Finnish Way of Education
Cut-throat competition, homework pressure, assessment stress!! All this breeds fear in children, and learning comes to be perceived as enforced. Finland is one country which has managed to tackle and eliminate the problems faced by students by designing a student-centric education system with trained and qualified professionals. In Finland, they believe that education begins at home, and hence, parents of newborns are given three books– one for each parent and one for the baby. The picture book meant for the kid aims to foster reading and learning habits from a very early age.
Educate Young Minds:
There is no formal assessment for children till the age of seven. But, that does not stall their learning progress. Childhood is the most crucial stage of developing communication skills, therefore, sowing the seeds of lifelong learning is crucial in this phase. Finland’s educators seem to have understood this very well. Hence, special emphasis is put on quality daycare and kindergarten. Finland provides free daycare facilities for children aged between eight months and five years.
Though childhood education is not mandatory, it is availed by almost all citizens of the country. ‘We see it as the right of the child to have daycare and pre-school,’ states Eeva Penttila from Helsinki’s Education Department.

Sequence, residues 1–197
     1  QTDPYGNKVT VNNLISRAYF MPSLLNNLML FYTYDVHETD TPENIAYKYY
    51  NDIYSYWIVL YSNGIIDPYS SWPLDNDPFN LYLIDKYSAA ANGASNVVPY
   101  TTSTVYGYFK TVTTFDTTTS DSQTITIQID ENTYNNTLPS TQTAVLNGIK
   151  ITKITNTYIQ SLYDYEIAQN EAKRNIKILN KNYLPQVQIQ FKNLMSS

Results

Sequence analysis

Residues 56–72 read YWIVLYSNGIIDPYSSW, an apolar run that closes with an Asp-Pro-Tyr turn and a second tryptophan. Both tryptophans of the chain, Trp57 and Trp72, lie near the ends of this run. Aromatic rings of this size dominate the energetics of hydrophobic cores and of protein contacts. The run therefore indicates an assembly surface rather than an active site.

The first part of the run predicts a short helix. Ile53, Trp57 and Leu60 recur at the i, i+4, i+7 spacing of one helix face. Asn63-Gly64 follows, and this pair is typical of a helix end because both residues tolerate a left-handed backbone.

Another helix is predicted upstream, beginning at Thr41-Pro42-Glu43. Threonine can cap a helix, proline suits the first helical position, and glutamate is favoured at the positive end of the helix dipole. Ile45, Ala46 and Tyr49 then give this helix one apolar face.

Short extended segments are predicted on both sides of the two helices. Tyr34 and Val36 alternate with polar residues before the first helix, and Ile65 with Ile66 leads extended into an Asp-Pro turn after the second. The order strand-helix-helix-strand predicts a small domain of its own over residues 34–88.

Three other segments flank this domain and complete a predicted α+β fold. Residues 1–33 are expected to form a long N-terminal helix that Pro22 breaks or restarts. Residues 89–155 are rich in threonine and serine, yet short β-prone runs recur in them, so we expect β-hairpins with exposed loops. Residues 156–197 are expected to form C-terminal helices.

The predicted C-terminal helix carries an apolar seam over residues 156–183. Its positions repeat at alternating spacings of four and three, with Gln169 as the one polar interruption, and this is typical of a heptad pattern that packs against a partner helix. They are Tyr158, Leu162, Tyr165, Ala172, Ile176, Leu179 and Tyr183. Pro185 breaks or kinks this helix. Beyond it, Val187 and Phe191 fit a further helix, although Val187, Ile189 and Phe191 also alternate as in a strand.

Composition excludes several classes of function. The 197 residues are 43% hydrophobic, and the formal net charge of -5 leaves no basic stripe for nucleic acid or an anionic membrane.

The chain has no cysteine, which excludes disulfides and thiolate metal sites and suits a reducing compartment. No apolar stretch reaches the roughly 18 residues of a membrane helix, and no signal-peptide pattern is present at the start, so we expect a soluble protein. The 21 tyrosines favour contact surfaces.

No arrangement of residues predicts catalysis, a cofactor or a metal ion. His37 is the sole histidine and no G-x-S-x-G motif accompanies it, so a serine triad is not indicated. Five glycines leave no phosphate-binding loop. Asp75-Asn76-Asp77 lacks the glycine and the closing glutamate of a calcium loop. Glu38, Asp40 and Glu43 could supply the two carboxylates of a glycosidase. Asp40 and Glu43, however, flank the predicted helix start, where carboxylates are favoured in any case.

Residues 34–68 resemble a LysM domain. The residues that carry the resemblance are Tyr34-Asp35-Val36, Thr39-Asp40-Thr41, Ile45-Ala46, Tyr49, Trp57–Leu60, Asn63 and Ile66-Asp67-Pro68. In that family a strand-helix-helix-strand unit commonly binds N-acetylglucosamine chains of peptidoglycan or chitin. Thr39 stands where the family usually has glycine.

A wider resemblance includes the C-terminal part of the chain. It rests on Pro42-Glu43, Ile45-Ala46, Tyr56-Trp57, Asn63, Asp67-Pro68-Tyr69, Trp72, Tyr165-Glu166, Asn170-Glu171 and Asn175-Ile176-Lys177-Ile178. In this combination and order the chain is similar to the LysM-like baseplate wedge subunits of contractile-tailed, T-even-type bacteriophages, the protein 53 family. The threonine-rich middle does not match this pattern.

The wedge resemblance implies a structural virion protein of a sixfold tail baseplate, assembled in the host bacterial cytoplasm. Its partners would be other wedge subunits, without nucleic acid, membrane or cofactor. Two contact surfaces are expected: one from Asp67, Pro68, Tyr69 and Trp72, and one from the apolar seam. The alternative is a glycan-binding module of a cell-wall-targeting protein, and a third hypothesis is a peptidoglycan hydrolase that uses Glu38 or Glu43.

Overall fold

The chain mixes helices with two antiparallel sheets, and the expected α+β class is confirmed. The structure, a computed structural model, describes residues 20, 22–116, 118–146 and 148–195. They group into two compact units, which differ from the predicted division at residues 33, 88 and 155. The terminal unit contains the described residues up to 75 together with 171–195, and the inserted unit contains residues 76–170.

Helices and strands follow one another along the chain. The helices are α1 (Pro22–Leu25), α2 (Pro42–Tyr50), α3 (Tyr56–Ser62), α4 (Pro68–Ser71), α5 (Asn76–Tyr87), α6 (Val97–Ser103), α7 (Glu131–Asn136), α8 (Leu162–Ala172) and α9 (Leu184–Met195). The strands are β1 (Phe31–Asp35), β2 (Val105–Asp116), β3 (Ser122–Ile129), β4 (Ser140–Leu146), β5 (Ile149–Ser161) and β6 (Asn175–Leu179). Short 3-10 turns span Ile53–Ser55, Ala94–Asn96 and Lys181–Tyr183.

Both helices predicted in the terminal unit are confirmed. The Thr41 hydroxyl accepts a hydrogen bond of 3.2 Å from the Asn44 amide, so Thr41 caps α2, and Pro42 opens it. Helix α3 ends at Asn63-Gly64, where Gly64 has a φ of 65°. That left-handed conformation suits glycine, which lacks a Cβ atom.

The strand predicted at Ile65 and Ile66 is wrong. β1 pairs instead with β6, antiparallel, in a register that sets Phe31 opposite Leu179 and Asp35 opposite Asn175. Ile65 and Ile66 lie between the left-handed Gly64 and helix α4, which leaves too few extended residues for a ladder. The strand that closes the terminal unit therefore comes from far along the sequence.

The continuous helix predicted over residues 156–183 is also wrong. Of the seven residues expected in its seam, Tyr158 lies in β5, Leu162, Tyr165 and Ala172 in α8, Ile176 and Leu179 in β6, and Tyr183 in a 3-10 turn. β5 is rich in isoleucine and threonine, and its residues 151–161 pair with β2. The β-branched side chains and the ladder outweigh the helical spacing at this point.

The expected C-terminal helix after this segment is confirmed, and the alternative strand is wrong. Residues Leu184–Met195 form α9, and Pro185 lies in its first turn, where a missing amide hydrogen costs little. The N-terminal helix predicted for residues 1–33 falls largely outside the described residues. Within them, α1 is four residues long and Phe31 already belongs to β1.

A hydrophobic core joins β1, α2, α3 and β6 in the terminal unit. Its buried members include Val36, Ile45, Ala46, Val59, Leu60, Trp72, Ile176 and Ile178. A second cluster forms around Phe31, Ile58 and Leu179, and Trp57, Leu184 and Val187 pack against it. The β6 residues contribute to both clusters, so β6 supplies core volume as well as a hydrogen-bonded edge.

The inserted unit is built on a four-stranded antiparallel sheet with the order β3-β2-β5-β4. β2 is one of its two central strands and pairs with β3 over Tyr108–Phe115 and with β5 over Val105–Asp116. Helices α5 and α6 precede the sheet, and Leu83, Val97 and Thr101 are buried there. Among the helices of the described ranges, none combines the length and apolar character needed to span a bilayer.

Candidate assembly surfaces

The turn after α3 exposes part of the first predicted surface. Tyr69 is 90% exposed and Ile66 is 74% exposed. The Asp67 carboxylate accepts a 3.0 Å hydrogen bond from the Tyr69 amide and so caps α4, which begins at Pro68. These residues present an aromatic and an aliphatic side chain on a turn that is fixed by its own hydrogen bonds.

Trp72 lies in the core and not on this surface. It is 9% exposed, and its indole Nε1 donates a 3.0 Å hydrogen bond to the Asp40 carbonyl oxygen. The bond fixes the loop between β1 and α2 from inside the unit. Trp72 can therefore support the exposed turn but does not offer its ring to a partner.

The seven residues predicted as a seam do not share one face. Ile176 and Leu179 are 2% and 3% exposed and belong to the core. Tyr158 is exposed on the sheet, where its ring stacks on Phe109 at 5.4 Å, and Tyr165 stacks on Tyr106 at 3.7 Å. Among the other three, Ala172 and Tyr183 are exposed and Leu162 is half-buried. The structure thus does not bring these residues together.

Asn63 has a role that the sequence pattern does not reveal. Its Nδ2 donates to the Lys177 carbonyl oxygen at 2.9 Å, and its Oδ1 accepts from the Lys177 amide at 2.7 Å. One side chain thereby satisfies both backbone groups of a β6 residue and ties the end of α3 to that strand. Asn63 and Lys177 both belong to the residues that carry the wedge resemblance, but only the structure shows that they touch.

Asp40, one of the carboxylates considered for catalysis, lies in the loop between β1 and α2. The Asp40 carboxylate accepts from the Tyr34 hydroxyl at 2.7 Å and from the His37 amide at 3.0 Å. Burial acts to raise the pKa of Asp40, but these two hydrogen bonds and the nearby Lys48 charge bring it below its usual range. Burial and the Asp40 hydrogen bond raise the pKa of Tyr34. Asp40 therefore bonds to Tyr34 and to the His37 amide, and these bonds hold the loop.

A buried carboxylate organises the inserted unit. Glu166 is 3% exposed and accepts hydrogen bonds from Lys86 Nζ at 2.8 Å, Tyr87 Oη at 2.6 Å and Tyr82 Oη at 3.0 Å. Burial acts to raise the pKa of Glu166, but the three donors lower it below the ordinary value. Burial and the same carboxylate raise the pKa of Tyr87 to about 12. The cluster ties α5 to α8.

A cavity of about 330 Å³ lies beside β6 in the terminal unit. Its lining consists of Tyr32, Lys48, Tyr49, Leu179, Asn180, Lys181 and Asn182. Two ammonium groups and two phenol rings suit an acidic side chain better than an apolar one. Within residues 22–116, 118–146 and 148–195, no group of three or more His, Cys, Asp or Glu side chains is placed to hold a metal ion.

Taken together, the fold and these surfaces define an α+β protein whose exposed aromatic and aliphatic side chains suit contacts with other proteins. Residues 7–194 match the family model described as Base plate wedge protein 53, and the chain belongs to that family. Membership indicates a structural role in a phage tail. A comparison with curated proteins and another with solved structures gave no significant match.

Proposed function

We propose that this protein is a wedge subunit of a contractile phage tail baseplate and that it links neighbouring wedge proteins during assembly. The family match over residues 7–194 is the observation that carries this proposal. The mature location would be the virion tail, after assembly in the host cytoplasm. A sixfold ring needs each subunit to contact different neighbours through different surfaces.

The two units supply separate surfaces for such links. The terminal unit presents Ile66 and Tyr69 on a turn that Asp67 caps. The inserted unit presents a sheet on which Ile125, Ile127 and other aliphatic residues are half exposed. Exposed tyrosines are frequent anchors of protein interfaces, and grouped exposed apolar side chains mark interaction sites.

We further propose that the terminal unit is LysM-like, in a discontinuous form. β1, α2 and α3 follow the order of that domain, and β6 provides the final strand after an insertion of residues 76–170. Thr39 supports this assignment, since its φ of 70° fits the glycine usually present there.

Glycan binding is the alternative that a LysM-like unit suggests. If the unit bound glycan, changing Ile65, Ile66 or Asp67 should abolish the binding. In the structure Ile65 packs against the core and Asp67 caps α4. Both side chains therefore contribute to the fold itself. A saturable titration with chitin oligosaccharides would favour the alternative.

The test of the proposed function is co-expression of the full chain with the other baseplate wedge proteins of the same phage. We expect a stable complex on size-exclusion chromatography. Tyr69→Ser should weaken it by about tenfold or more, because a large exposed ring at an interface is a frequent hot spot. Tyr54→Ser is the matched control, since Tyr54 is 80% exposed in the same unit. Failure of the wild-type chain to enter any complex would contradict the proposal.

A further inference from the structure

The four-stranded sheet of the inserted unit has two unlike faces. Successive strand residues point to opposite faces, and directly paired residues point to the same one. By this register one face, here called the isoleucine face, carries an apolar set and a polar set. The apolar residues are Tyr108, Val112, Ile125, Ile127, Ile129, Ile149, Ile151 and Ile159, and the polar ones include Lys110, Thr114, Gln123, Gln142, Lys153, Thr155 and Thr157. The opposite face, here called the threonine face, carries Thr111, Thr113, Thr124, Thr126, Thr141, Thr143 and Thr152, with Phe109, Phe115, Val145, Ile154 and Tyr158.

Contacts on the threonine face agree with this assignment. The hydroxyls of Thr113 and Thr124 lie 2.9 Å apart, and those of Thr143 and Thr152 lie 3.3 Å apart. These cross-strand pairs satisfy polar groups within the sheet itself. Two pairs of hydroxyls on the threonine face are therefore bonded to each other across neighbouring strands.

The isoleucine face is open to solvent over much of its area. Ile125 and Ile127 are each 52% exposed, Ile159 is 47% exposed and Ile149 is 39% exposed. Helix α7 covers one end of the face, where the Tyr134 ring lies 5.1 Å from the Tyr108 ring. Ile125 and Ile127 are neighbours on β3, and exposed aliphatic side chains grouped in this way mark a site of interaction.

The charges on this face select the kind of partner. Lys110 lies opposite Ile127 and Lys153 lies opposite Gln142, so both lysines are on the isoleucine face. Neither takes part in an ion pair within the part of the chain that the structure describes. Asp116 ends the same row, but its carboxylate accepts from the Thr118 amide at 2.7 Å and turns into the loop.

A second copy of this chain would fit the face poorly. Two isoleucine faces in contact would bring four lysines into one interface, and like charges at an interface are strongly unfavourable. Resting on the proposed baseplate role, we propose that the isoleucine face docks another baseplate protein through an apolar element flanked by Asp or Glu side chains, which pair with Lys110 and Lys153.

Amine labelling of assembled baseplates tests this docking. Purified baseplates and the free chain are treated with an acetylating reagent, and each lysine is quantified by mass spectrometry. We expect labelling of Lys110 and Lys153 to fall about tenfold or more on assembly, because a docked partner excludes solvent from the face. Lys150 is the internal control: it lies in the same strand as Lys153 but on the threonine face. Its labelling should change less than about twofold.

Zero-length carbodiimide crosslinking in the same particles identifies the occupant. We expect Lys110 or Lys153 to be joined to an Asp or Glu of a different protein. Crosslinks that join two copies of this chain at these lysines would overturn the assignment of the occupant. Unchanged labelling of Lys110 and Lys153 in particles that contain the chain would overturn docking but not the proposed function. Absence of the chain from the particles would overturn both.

Small Classrooms, No Tuitions:
Finnish children are not bombarded with homework. The children are required to take one standardised test when they turn 16. All students, smart and not-so-smart , study in the same classroom. There’s no concept of tuition classes, and the advanced kids just help the slower ones catch up. Barring a few schools, all are funded by the government. And, there is a cap on tuition fees that the private schools can charge. The size of classrooms are small, with no more than 20 pupils in each class.
Educators are Innovators:
Entry to the role of a teacher, primary and secondary, has always been strict in Finland. Only candidates with Master’s degree are eligible to become teachers. Teaching is a respected and rewarding profession. Good remuneration ensures continuous performance and innovations from the teachers’ side. They work independently, completely free from external factors such as standardised teachings and inspection. The training enables the teachers to take all pedagogical decisions independently.
As compared to the other first-world countries, technology has taken a long time to make inroads into the education system in Finland. In 2014, Krista Kiuru had remarked that Finnish students and teachers didn’t require laptops and iPads to top international education charts. She was just resonating the thoughts of her times. However, changing times require innovative measures. Hence, e-books and digital content is being introduced in the classrooms to make learning more personalised. Finland’s Ministry of Education still attributes its success to competent teachers. Technology can never replace teachers; it can only enhance the students’ learning process.